Irenaeus' heart was full. He wished his friend Marcianus could be with him so that they could talk about Christ, but that was impossible. So he picked up his pen. They might be separated by distance but a letter could capture his feelings. He dipped the quill in ink and began to write:
"Knowing, my beloved Marcianus, your desire to walk in godliness, which alone leads man to life eternal, I rejoice with you and make my prayer that you may preserve your faith entire and so be pleasing to God who made you."
False teaching (heresy) had gained destructive power. In another lengthy writing, Irenaeus listed these and gave Christian answers to their false claims. One of his arguments was that only the universal church had the truth which it had passed from bishop to bishop. Irenaeus was in a strong position when making this claim. He had personally known Polycarp, the martyred bishop from Asia Minor who in turn had known St. John and other apostles.
One heresy of the day that Irenaeus took the trouble to answer was Gnosticism. Gnosticism claimed that one needed a special, hidden knowledge if one's soul was to be saved. Irenaeus must have had this in mind when he wrote Marcianus:
"This then is the order of the rule of our faith, and the foundation of the building, and the stability of our conversation: God, the Father, not made, not material, invisible; one God, the creator of all things: this is the first point of our faith. The second point is: The Word of God, Son of God, Christ Jesus our Lord...And the third point is: The Holy Spirit, through whom the prophets prophesied, and the fathers learned the things of God, and the righteous were led forth into the way of righteousness; and who in the end of the times was poured out in a new way upon mankind in all the earth, renewing man unto God.
"And for this reason the baptism of our regeneration proceeds through these three points: God the Father bestowing on us regeneration through His Son by the Holy Spirit. For as many as carry (in them) the Spirit of God are led to the Word, that is to the Son; and the Son brings them to the Father; and the Father causes them to possess incorruption."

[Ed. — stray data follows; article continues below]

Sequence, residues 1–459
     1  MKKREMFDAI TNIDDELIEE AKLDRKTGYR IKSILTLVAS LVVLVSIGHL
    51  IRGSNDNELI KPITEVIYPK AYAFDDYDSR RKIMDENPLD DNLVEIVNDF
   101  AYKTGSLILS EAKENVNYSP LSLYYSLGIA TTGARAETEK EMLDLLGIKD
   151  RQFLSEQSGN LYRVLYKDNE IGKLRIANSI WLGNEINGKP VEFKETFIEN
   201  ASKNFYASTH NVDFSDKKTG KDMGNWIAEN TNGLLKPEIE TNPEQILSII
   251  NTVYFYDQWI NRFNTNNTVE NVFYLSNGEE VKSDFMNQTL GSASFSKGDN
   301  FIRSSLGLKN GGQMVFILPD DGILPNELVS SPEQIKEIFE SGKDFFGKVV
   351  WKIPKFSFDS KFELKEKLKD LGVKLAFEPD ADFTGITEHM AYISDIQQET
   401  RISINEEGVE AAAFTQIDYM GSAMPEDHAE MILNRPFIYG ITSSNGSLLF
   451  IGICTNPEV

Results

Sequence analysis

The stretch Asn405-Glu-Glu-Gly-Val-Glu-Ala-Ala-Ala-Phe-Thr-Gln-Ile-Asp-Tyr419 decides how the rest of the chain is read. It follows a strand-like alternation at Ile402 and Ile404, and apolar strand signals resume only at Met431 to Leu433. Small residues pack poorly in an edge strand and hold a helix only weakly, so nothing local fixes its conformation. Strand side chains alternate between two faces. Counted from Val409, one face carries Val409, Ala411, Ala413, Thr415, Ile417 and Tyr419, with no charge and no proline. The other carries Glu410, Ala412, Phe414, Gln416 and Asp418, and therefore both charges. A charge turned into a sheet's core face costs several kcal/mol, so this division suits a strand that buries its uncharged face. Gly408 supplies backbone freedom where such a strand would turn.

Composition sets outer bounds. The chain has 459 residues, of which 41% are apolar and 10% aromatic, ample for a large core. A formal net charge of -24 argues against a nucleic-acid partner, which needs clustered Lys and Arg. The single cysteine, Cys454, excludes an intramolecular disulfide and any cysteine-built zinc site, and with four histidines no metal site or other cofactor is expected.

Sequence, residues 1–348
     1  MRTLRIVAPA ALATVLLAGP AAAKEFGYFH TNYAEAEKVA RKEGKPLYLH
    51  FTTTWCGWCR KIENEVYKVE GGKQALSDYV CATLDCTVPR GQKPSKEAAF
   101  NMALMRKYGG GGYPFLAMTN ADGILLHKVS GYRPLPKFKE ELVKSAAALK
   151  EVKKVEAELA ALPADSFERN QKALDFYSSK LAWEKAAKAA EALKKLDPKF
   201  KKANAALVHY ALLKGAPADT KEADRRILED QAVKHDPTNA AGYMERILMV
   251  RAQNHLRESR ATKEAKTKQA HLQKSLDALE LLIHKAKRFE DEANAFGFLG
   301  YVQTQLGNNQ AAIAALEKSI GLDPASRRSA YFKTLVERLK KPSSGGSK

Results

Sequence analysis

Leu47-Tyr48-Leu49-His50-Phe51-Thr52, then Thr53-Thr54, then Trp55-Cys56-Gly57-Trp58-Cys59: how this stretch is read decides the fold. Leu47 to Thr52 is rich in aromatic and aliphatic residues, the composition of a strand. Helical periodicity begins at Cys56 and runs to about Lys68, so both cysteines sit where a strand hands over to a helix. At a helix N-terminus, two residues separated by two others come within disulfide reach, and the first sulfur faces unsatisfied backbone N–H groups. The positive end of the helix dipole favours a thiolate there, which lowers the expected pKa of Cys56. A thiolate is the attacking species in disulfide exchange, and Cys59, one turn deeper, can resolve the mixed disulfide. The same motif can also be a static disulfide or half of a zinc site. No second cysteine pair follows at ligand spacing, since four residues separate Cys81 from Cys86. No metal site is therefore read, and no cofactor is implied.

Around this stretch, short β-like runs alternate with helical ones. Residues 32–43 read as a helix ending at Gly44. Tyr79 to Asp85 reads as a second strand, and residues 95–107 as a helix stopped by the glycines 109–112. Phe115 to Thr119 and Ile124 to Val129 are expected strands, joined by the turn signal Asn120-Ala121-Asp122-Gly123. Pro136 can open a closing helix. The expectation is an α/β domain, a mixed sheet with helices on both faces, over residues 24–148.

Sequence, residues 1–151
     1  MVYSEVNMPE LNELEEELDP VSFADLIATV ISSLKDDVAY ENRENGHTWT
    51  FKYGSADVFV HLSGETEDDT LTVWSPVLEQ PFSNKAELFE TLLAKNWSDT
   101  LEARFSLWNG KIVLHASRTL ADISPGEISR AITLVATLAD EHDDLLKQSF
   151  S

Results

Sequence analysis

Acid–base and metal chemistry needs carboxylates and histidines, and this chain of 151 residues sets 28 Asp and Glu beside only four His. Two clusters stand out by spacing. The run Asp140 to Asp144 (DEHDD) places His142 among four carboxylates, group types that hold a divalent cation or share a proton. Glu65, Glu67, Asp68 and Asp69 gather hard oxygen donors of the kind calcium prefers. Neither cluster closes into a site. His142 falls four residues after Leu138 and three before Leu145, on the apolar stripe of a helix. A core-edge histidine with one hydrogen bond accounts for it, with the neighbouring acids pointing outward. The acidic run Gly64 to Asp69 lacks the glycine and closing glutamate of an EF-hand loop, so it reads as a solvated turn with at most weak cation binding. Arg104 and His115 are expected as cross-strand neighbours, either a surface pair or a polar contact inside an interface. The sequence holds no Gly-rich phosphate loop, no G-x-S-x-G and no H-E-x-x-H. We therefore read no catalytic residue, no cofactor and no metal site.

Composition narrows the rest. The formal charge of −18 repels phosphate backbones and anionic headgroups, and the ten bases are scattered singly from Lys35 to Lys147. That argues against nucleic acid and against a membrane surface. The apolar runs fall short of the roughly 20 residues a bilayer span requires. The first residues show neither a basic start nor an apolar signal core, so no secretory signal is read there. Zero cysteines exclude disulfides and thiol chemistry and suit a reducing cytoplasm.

Irenaeus became a leader in the church in Lyons, France. In 177, the Lyons' leadership sent him to Rome with a message. While he was away, heathen authorities arrested his bishop and many other Christians and killed them as martyrs in the arena in a savage spectacle. These included Blandina, one of history's best known martyr women.
Ireneaus' writings powerfully declared that the true church had the truth because it had Scripture on its side as well as sound reason, the guidance of the Holy Spirit, and the memories of those who had known the apostles.
His feast is on this day, June 28.
- Aland, Kurt. Saints and Sinners; men and ideas in the early church. Philadelphia: Fortress Press, 1970.
- Butler, Alban. Lives of the Saints. Westminster, Maryland: Christian Classics, 1981, 1956.
- Chadwick, Henry. The Early Church. Penguin Books, 1967.
- Clerjon, P. Histoire de Lyon. Laurent, 1829.
- Hort, Fenton John Anthony. Six Lectures on the Ante-Nicene Fathers. Freeport, New York: Books for Libraries Press, ca. 1972.
- "Irenaeus, St." The Oxford Dictionary of the Christian Church. Edited by F. L. Cross and E. A. Livingstone. Oxford, 1997.
- Poncelet, Albert. "St. Irenaeus." The Catholic Encyclopedia. New York: Robert Appleton, 1914.
- Various encyclopedia and internet articles.
Last updated May, 2007.